Fort Worth

Fort Worth Stock Show Ends Tradition of Live Music at Rodeos

For the first time in nearly 100 years, when the horses and their riders canter into the Will Rogers Memorial Center on Jan. 13 for the beginning of the 2017 Fort Worth Stock Show & Rodeo, there will be no live orchestra to greet them.

The pageantry of the Grand Entry will, instead, be accompanied by pre-recorded music.

On July 15, the 20-piece orchestra, which has been an audible staple of the annual Fort Worth event for decades, was notified by FWSSR management that its services would no longer be needed.

"I got a call (last week)," Rick Stitzel, director of the band, told the Fort Worth Star-Telegram on Monday. "(Management) said, `We decided to go a different direction, and we won't need the band next year."'

Stitzel says the decision not to renew the band's contract was "presented as (a) matter of fact."

"Every four years, we would sit down with management and discuss whether there was going to be a pay raise or whatever," said Stitzel. "Then last year, we sat down with the same proposal -- management told us they wanted to give us no raise and a one-year deal. That was the first time ever it had been a one-year contract."

FWSSR management characterized the firing as a "difficult choice," but one that factored in both costs and relevancy of live music.

"In the last decade, the usefulness and flexibility of digitally produced music has played an increasingly important role in creating a lively and fast-paced rodeo performance," read a FWSSR statement. "Unfortunately, an orchestra has limitations in this environment, thus the decision was made to discontinue its use in 2017 rodeo performances."

FWSSR spokesman Matt Brockman confirmed the decision is "permanent."

The orchestra began performing at the rodeo in 1918, according to a 2008 Star-Telegram article. Brockman, who couldn't confirm that date, said it was likely "some time" after the first rodeo was held in 1918.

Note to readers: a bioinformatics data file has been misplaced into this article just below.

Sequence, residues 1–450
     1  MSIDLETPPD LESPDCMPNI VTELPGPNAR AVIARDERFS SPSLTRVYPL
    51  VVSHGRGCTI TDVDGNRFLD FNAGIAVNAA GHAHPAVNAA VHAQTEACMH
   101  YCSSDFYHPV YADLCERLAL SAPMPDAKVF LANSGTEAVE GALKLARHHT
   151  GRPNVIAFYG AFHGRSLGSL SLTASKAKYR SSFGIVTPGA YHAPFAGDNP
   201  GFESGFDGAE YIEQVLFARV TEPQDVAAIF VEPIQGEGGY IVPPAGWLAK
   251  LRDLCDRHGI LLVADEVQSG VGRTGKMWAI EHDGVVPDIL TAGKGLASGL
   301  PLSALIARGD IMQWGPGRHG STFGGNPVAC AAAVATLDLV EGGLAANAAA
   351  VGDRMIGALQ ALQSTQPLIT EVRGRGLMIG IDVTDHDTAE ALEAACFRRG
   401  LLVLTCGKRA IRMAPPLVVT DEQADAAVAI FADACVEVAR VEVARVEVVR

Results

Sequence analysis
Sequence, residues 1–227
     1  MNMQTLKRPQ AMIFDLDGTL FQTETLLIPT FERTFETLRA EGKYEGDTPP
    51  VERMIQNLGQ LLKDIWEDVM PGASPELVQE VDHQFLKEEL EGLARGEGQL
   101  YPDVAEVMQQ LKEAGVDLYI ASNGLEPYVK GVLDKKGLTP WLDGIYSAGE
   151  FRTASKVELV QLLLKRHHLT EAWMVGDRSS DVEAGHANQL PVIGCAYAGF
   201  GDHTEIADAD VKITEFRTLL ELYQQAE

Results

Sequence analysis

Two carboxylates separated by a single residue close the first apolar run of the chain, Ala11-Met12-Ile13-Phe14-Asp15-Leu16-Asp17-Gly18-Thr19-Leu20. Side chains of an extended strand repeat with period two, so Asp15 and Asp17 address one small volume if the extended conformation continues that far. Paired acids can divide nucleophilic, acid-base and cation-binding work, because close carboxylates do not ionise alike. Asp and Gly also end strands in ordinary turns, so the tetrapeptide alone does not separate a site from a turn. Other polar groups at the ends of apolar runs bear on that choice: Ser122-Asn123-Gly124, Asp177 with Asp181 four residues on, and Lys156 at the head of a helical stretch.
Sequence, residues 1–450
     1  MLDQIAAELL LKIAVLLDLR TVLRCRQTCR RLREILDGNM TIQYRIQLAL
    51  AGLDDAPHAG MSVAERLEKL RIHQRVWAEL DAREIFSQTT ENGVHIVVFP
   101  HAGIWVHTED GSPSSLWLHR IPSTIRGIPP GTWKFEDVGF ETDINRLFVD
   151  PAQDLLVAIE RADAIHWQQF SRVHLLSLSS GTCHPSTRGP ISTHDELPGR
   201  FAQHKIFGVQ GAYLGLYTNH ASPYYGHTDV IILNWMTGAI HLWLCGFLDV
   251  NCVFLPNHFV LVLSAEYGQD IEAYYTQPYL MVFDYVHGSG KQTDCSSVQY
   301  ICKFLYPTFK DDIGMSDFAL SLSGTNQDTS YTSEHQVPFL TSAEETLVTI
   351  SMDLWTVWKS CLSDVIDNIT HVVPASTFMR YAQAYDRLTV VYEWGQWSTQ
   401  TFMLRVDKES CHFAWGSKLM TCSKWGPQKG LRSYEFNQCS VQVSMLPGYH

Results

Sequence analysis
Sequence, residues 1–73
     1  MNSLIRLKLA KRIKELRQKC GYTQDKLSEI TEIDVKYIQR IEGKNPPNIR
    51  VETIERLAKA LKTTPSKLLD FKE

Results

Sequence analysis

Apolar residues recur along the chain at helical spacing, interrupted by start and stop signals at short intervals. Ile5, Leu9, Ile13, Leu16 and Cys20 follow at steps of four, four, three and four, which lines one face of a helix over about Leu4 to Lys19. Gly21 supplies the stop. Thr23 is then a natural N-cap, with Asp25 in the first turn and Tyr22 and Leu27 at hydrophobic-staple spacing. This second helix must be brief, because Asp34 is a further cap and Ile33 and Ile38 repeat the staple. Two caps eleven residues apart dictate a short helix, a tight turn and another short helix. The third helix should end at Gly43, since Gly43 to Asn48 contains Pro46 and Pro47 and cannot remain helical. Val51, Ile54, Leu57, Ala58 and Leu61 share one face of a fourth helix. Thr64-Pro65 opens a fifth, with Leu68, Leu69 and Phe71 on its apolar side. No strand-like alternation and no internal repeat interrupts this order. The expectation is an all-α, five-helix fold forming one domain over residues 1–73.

"(It's) very surreal right now to know that come January, people will be paying their ticket price, many in anticipation of hearing the traditional old marches, gallops, fanfares and overtures played by a live 20-piece orchestra, but instead will now be hearing a laptop," wrote Stitzel's son Rich, who played drums in the band, in a Facebook post. "It was the last live rodeo band in the world, and there was a lot of pride in the Fort for that tradition."

For the FWSSR, an event which began in 1896 and is steeped in tradition, "this wasn't a decision we made lightly," Brad Barnes, president and general manager, said in a statement. "But the use of digital music gives us greater ability to utilize video and other tools to create exciting experiences and features."

Sound and light consultant Benje Bendele, who owns Crazy Heart Sound and Lighting, will take over the musical duties, according to the FWSSR summer newsletter.

"Management remains very dedicated to retaining the ceremonial magic of the best grand entry in all of rodeo," reads the newsletter. "(Bendele) is tasked with developing (a) musical mixture that will be well-suited for the grand entry and remaining spots in the rodeo schedule where the orchestra music has been utilized."

Although the news was sudden, Rick Stitzel, who began playing with the FWSSR band in 1977, says it was not surprising.

"We had been playing the last few years with (Bendele) in the arena using his laptop and doing part of the show," Stitzel said. "(It was) a pretty workable arrangement where we played the traditional stuff and he played the contemporary stuff. . I'm glad (management) gave it a chance to work as a compromise situation, (but))I wish we could continue to work that way.

"I'm not against modernizing things; I just think tradition should be worth something."

While some in the rodeo community might bristle at any change to a beloved cultural institution like the FWSSR -- veteran rodeo announcer Bob Tallman once told the Star-Telegram that "putting in a high-tech sound system (at the Stock Show) would be like putting a pacemaker in a 96-year-old body. It don't work, and it's not necessary" -- longtime attendees should prepare themselves for more changes, according to the FWSSR's Barnes.

"We'll never stop looking for new means to deliver the most fun and engaging performance possible," Barnes said, "and give our guests the best bang for their buck."

The 2017 Fort Worth Stock Show & Rodeo is scheduled for Jan. 13-Feb. 4.

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